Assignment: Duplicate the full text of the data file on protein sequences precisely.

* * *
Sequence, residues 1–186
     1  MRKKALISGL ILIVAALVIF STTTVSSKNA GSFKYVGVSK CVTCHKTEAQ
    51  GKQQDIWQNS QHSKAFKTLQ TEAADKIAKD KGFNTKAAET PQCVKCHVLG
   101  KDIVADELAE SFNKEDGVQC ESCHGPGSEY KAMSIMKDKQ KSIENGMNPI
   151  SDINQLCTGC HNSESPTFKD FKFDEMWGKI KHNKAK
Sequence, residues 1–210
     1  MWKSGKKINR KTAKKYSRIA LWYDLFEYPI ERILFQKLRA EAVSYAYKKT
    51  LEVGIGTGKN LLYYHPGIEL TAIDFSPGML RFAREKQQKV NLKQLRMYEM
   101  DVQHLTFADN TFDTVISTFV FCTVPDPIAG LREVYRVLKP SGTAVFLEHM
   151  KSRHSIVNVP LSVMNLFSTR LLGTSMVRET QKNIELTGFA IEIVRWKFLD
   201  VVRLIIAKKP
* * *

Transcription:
Sequence, residues 1–186
     1  MRKKALISGL ILIVAALVIF STTTVSSKNA GSFKYVGVSK CVTCHKTEAQ
    51  GKQQDIWQNS QHSKAFKTLQ TEAADKIAKD KGFNTKAAET PQCVKCHVLG
   101  KDIVADELAE SFNKEDGVQC ESCHGPGSEY KAMSIMKDKQ KSIENGMNPI
   151  SDINQLCTGC HNSESPTFKD FKFDEMWGKI KHNKAK
Sequence, residues 1–210
     1  MWKSGKKINR KTAKKYSRIA LWYDLFEYPI ERILFQKLRA EAVSYAYKKT
    51  LEVGIGTGKN LLYYHPGIEL TAIDFSPGML RFAREKQQKV NLKQLRMYEM
   101  DVQHLTFADN TFDTVISTFV FCTVPDPIAG LREVYRVLKP SGTAVFLEHM
   151  KSRHSIVNVP LSVMNLFSTR LLGTSMVRET QKNIELTGFA IEIVRWKFLD
   201  VVRLIIAKKP